By Gagandeep Ghuman
Published: Aug. 25, 2012
You have read about the woeful state of local economy and the familiar routine of businesses closing.
As many as ten new businesses, however, are bucking that trend, bringing to bear new twists on that old story.
The District of Squamish has signed on ten new business licences in the past one month.
Pacific preferred developments, Cameron Chalmers Consulting, Alpen Construction, Once Ocean Expeditions, Elemental Book Keeping, Red Apple, Rethink Creative Society, Green Earth Organics, Ruddy Duck, and Dixie Lee Chicken are just some of the new businesses that have signed up to test their luck in Squamish.
While some businesses, like Dixie Lee, Red Apple store (which replaces Fields), and Ruddy Duck will be highly visible, most of the other businesses are home-based enterprises.
At least one, Rethink Creative Society, aims to work as a non-profit, bringing artist together under one roof.
Rethink Creative Society will provide storage space for artists, and a space for them to create art,” said Andrea Graham.
Graham is also the force behind the highly successful Bass Coast Festival.
“We hope it will be able to fund itself,” Graham said.
In an earlier interview with the Reporter, Dixie Lee Chicken CEO has also expressed hope that his business would be a success.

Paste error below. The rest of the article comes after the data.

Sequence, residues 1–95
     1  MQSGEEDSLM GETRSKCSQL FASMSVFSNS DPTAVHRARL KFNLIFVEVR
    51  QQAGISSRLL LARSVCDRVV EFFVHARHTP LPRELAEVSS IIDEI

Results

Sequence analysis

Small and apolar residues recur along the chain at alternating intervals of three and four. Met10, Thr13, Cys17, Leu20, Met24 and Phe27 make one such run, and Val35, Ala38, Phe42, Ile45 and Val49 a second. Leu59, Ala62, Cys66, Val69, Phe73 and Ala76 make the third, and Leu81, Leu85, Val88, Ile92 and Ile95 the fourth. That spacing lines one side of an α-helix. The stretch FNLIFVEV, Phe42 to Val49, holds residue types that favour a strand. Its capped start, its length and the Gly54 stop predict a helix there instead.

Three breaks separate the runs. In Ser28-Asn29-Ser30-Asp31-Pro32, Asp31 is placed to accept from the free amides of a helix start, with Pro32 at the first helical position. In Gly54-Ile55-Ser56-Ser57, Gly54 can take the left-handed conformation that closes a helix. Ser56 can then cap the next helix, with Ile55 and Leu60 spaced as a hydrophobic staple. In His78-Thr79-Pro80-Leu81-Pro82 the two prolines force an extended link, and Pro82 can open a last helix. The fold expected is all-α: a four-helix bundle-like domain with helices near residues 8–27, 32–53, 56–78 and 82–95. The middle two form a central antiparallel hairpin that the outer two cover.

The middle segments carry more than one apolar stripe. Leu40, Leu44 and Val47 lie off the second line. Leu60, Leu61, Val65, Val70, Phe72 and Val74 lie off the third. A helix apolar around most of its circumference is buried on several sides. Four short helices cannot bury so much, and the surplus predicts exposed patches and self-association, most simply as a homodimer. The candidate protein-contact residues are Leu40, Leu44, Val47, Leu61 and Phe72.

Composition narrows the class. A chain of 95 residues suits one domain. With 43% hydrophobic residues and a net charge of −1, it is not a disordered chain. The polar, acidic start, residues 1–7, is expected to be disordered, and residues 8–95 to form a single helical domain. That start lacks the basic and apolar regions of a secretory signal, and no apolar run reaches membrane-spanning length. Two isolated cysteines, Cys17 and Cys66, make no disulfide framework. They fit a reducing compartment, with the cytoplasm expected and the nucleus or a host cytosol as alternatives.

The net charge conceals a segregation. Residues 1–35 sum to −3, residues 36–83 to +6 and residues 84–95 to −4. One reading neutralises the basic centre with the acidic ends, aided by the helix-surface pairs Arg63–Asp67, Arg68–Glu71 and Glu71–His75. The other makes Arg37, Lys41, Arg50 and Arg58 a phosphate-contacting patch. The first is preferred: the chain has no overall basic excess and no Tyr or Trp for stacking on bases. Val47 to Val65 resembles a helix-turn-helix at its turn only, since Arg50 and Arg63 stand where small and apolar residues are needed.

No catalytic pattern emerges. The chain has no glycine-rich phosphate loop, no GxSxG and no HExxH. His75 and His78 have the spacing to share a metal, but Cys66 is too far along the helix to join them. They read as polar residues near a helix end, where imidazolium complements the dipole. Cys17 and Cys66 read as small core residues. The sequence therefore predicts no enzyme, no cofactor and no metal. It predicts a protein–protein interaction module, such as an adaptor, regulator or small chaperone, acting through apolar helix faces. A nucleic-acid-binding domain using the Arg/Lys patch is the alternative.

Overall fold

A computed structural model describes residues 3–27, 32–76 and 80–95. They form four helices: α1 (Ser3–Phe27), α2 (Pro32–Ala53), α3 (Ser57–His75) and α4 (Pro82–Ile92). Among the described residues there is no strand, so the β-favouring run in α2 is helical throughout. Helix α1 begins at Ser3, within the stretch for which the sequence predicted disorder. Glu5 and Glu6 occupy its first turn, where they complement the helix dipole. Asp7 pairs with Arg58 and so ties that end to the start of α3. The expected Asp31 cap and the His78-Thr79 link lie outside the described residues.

“It’s right on the highway, I’m sure we will do quite well,” Murano said.
Green Earth Organics is an organic food delivery business that started in Toronto, expanded to Vancouver, and is now operating out of Squamish.
The owner of Elemental Book Keeping, Tricia Boer, said she moved to Squamish last year.
“I moved to Squamish last year and have been eager to contain my business in Squamish, working from home,” she said.
Boer said one reason she moved to Squamish was the sense of community she felt here.
“Businesses seem to care more for people here and build relationships with their clients and customers,” she said.
She said one disadvantage of Squamish was that it was a small town, and much of the business conducted here has been taken from the locals and given to big corporations that have moved here.
She said she is aware that she is taking a certain risk in opening a new business.
“The town seems to be in a state of confusion after the Olympics,” she said.
“I see a lot of vacant and even abandoned office buildings, many residential vacancies and houses for sale.”